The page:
This brings me to another point: in most situations, if you're not having fun, you're not trying hard enough. A little creativity and willingness to do the absurd goes a long, long way.

    Reply
  11. Hey, I think the old adage 'can't see the woods for the trees' applies here in my case. You're post is exactly where I am and I just didn't realise it. I've found myself looking up 'how to write the perfect cover letter' even and have forgot what makes me, well me.

    In fact, this blog inspired me to start blogging myself (watsonneil.wordpress.com) and I'm finding it quite cathartic – that and I keep getting told I'm not digital enough! So, between my new hobby of blogging and taking on board these comments I'm hoping I can turn around my job search. The employment market is sh!t in the UK too!

    Reply
  12. I think this post points out something I’ve believed for a while, that real leadership takes daring. You have to take risks to be desirable. By risking alienating some people we make ourselves appealing to like-minded souls.

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  13. Great post and it can all be summed up in knowing and developing the most important brand you own. Brand “You”.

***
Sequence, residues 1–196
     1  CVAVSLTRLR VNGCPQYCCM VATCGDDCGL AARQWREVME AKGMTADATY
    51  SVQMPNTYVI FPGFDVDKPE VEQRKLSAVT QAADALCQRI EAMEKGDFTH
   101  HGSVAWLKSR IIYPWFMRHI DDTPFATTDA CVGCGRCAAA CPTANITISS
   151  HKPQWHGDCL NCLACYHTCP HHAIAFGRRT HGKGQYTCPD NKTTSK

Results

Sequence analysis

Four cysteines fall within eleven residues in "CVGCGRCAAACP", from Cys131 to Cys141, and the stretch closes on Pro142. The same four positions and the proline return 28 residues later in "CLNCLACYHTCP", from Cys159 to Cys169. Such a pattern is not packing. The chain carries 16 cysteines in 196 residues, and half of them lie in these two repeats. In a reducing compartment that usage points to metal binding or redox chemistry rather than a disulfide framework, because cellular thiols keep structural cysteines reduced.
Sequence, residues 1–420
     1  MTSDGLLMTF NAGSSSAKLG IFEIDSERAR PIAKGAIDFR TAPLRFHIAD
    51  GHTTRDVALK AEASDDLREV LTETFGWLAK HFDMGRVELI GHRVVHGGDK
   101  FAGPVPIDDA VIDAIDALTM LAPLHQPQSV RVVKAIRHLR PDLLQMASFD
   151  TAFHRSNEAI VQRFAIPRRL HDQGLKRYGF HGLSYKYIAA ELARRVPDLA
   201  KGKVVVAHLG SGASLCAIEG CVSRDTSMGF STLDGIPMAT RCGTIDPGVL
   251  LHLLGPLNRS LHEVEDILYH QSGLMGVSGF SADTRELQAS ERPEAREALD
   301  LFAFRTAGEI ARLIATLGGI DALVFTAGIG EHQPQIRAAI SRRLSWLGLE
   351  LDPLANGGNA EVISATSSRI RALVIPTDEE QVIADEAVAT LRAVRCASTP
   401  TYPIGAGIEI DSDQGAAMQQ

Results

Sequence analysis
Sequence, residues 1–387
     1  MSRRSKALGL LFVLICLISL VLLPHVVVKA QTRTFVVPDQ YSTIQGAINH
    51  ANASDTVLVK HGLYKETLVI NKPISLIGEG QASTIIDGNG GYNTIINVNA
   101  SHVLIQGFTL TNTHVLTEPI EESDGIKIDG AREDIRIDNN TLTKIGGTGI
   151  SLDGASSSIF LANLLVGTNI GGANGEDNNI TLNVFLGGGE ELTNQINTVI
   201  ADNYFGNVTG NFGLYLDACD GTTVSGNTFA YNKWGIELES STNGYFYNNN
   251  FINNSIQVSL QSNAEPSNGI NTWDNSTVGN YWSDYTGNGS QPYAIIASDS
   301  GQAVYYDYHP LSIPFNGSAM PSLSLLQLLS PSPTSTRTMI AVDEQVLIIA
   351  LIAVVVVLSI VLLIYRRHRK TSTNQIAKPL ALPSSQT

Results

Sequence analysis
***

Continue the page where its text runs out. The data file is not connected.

- Jonny

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  14. About being creative in your resume or cover letter, I am completely against using templates, especially from microsoft word…No matter which template you pick the employer I'm sure has seen it more than once before…but I also want to add that you need to know what kind of employer it is…traditional, gen y…that will tell you a lot about how creative you can be! and finally if anyone is looking for job offers I recommend trying out http://jobs.trovit.com but as a tool in your job search! I'm not into all this sending out 500 resumes kind of stuff ;)

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  15. Another Important thing is that when you know there are 1000+ resumes per position is to SEO your resume and cover letter. If you know that the job you are applying for is going to require Excel or some other type of software, you better put it on there. Otherwise the software that HR people use might filter you out.

    Reply
  16. [...] Job Search 101: Incorporate the Real You [...]

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About Matt Cheuvront

I empower folks to do the work they want to do and live the life they want to live. Connect on Twitter or check out the work I'm doing at Proof.